GS: I’m curious about the recreation of Los Alamos as a place, because it’s an interesting thing where it’s a historical site, but it doesn’t exist anymore. You’re kind of going off of pictures. I guess if there were schematics, you reference that, but there’s also some creative liberty that has to be taken when you’re designing it. If you could walk me through the process of just how you even started with that, and then when did you feel like you had to get something exactly right, like as it was in the history books, versus where you can kind of modulate it a bit?
RDJ: Yeah, that was a conversation Chris and I had early on. One of the first things I did was cover the walls of the art department in our office in this two story house, really ironing out every single scene, and putting imagery to those scenes, because so much of it happened, and we have photographs of it. Some of it, no, not exactly or specifically, but a close approximation can be found. Then Chris and I studied all of that imagery, and he would constantly remind me, “Ruth, we are not making a documentary. I’m not interested in making a documentary. I’m interested in selling popcorn. I want this to be exciting.” Really, what he’s saying is, “you need to take in the research, then divorce yourself from it. The essence of all of these places we’re scouting, everything we’re designing to, is our film.” When you look at the real pictures, I remember my first week in the office, going “Los Alamos was massive, and the US government gave them $2 billion in 1941.” $2 billion. They had the Army Corps of Engineers, and they had three years, and I had none of that. I had two months. I think right then and there, you go, “great. Here are my parameters, this is the direction I’m heading.” I also didn’t panic because I knew what Chris and Hoyte were like, and that is how our personal Los Alamos came together. So your point, I do feel the scale. I do feel the scope. It’s just, they were so smart about shooting it. We were smart about the placement of the buildings, and the 360° of it. The real Los Alamos was very contemporized, modernized.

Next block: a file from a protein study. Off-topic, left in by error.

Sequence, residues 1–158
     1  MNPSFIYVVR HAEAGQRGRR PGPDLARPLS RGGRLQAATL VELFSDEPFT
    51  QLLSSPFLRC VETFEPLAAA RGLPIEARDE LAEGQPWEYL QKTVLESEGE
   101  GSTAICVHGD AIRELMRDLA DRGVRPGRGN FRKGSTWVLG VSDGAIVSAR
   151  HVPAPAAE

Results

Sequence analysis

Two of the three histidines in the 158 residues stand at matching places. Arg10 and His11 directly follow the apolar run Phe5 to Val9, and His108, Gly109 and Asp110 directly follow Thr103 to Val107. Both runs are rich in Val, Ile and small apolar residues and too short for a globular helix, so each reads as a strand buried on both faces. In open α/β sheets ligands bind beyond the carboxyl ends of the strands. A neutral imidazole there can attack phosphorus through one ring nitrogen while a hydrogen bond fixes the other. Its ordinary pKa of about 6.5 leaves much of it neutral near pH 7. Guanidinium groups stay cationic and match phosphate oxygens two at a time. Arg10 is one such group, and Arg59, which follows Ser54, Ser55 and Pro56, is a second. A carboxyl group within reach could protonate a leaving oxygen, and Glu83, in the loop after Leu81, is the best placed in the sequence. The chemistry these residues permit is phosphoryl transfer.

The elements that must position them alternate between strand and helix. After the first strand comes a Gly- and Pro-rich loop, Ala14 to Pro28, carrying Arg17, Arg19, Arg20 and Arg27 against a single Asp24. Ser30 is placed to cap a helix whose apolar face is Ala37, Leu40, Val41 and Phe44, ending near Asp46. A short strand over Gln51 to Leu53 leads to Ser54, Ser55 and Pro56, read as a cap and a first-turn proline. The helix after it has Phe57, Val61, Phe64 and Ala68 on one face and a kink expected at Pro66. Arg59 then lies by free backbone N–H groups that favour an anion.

GS: I’m pretty much out of time, but I wanted to ask, because Jack Fisk was on Killers of the Flower Moon. By nature of your working relationship with him, I’m curious, what did you take from him and his work with Scorsese, your work together on There Will Be Blood and how do you feel like that informed your approach to a biopic?
RDJ: Yeah, Jack and I collaborated together on There Will Be Blood, and Chris and I talked about There Will Be Blood a lot. That experience, going out to work in Marfa at the time, and that was before Marfa was the cool hip place it is now. Marfa was kind of unknown back then. I think a lot about that time. Obviously, Jack as a designer and his early work is so inspirational, what he did with Terrence Malick, especially Days of Heaven. You can see where my affinity for natural sets was born. Jack and I have a deep connection. We’re very best friends today in life, and I think it’s a full circle moment, of being in the company of my mentor. It’s almost like, “Is this happening?” We’ve seen each other’s films, and we’re so complimentary of each other’s work, and I think it’s exciting to be rooting for someone, and vice versa, and also have a collaborator you can always talk to as you’re getting into the weeds. We’ll forever be doing that. He’s such an inspiration to me.
Oppenheimer is currently available to purchase on 4K UHD, Blu-Ray, DVD & Digital.